My sister took C.T. and her girls to a nature preserve yesterday, so I had a few hours to myself. I decided to go for a jog along the river, something I've been doing sporadically to shock and electrify my sorrow filled body. I'm assuming there is some benefit to blood moving through these weary shadow limbs,... even as being out in nature, where Zachary will never be, still sickens me.
On my return home, I decided to change my course and pass by a house that we rented for one year (mid-2011 to mid-2012) while we were building the home we live in now. I guess I wanted to see a place that would remind me of a time when life was still somewhat hopeful, when the grief we lived with was singular, with just one deceased child. When a living sibling for C.T. was still something that was thinkable. As I walked by, I imagined the spaces inside. The kitchen without a dishwasher, the bathtub drain that clogged constantly due to years of abuse, the coffin-like, spider infested shower that B used in that awful smelly basement so that C.T. and I could use the nicer bathroom upstairs. I remembered how we made the best of it, made it our temporary and comfortable home.
I have fond and frenzied memories there. It was so hot during both of those summers that I have probably 200 photos of B and C.T. together in the plastic kiddie pool that stood, almost permanently inflated, in the backyard. I was still working at the time (in a global role that required crazy hours), designing our home and working with the builder constantly. Every day was filled with dozens of work and personal appointments and conference calls, from early morning until well after C.T. went to bed. I remember C.T.'s first day of preschool, the photos we took that morning outside, in the front lawn by the tree. I remember C.T. and me riding his new plasma car down the tiny hallway together, in our pajamas on Christmas morning. I remember having a few other bereaved mothers and their living children over for a cinco de mayo playdate.
As I passed the house, now sporting a basketball hoop belonging (presumably) to the new renter, I see a mother, three blonde children and a baby in a stroller up ahead. The woman is heavyset and wearing a long black skirt that rocks and swooshes with each step. The group moves slowly, the size of the group demanding patience and catering to the pace of the youngest walker. Within seconds, I recognize her from our rental house days. She lives five or six houses away from our rental. Red adirondack chairs decorate her front yard, under a gorgeous shade tree. We have never met, perhaps waved at each other a few times that year, recognizing that we lived in the same vicinity.
Pangs of jealously and anger grip my insides. When we lived on that street, three years ago, she was pregnant with her third child. I was secretly jealous of her then. That third child now walks with the herd AND there is a new baby. Another one! In the time that she has popped out and had the privilege to mother her third and fourth, I have had a miscarriage, and then perfect Zachary, dead at two weeks of age, because of fucking E.coli.
My thoughts. How is this possible? I have long ago abandoned fairness as vernacular for the way this world actually works, but somehow my ugly righteous thoughts still permeate. I did everything right, as it relates to getting my children here safely. With Zachary, I ate wild salmon, salads and homemade food, avoided anything remotely harmful, exercised moderately, injected myself daily with Lovenox, as prescribed, even when my stretched midsection had no shot sites available. I prayed for Zachary's safety and health. Constantly. I re-aligned my expectations when my water broke suddenly, when I laid absolutely flat for a week, when Zachary was born and deemed healthy, through his first week of scans when his problems were so minor and surmountable, as I cared for him through portholes in a hospital setting, when he acquired sepsis, when he was near death, when it looked like he would recover and might suffer with (minor or major) lasting implications.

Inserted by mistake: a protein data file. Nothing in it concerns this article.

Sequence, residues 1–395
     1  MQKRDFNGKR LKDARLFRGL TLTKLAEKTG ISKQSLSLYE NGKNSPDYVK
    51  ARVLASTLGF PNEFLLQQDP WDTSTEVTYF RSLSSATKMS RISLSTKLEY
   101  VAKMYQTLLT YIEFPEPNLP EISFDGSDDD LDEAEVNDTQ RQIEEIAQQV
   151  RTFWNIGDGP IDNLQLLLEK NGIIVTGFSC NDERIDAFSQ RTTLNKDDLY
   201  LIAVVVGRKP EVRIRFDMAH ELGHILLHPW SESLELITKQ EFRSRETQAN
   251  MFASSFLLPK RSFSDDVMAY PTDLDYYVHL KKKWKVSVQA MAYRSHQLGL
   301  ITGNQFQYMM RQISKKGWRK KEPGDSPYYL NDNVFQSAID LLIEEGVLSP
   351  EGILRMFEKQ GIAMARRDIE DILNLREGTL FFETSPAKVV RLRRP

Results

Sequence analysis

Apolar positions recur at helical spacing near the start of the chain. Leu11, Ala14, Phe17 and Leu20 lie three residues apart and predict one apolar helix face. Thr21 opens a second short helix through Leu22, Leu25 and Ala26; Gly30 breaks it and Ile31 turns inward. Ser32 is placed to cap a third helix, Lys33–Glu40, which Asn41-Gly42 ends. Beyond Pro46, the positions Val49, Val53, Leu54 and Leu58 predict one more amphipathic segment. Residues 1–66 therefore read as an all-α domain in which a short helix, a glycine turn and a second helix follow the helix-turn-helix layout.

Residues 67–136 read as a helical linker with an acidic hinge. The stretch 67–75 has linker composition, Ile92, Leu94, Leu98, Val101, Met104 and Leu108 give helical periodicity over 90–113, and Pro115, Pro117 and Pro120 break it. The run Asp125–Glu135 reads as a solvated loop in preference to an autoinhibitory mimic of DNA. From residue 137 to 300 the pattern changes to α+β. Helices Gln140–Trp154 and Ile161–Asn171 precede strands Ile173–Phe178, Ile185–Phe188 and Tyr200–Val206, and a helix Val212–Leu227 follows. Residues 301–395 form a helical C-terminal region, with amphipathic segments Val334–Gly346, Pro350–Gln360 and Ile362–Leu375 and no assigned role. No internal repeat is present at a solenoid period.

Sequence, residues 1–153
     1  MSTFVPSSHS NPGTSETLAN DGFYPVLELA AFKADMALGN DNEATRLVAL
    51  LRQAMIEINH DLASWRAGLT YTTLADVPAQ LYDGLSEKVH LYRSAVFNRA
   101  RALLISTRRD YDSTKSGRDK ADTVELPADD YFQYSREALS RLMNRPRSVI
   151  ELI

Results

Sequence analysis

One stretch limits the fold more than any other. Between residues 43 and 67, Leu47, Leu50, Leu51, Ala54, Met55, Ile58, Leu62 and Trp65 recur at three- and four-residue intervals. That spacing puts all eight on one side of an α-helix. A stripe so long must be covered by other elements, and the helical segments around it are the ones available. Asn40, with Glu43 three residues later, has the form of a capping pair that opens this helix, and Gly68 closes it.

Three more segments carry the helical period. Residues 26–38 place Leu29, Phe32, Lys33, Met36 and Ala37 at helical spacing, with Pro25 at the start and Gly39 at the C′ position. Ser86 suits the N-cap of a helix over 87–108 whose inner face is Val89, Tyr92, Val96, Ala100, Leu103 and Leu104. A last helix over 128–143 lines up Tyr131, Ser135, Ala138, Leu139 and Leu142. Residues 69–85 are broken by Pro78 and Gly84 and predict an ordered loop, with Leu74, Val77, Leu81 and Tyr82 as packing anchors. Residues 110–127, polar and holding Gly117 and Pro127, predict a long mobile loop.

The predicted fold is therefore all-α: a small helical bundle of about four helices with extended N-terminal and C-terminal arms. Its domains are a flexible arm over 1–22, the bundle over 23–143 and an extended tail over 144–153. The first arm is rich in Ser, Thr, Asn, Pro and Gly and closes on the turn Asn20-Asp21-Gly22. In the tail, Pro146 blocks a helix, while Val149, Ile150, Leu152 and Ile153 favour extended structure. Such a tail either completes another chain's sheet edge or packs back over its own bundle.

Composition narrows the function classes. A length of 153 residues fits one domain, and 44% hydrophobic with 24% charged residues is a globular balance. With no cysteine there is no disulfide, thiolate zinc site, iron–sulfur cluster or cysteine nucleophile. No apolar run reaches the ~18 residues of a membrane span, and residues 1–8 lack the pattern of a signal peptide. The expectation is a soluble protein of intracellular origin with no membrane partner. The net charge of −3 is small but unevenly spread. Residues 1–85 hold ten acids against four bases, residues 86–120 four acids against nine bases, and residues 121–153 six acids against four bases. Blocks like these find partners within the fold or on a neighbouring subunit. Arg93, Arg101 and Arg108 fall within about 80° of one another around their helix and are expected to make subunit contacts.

Two of my three children, dead.
And this woman. She looks like she ate twinkies and doritos and drank nothing but soda, throughout all of her pregnancies. She probably has no idea how fortunate she is. Four kids. All perfectly spaced out by two years or so. All seemingly healthy. God.
It is true. I have no idea who this woman is, what she has been through in her life, what battles rage in her head and heart on a daily basis. She might have even looked at me with pangs of jealousy, had her own ugly thoughts, that perhaps I had what she perceived as freedom. Skinny bitch... probably has never had to care about anyone but herself. But, I guarantee whatever fleeting thought she had about me as we passed each other, was quickly dashed away by the needs of those four beautifully blonde children.
The ache that I feel when I see mothers and their happy lot of children - most of them whole - will never go away. Ever since B.W. died, that element of being part of society, of our community, even our extended family and friends, has been difficult. With Zachary's death, that feeling has compounded to the point that it's too painful to be around other families. With two dead children, being around whole families, honestly even families who have lost one child but have multiple other living children, makes us painfully aware of how obliterated ours is. I hope that feeling diminishes, over time, to the point where we can at least spend pain free time with our once-bereaved friends. There aren't many twice bereaved women that I know who can help me understand how to live with this for the rest of my life, how these feelings might become more manageable, over time.
It is really ugly. I know. And, it is just one of the unflattering aspects of my grief. One that I'm willing to share publicly, here.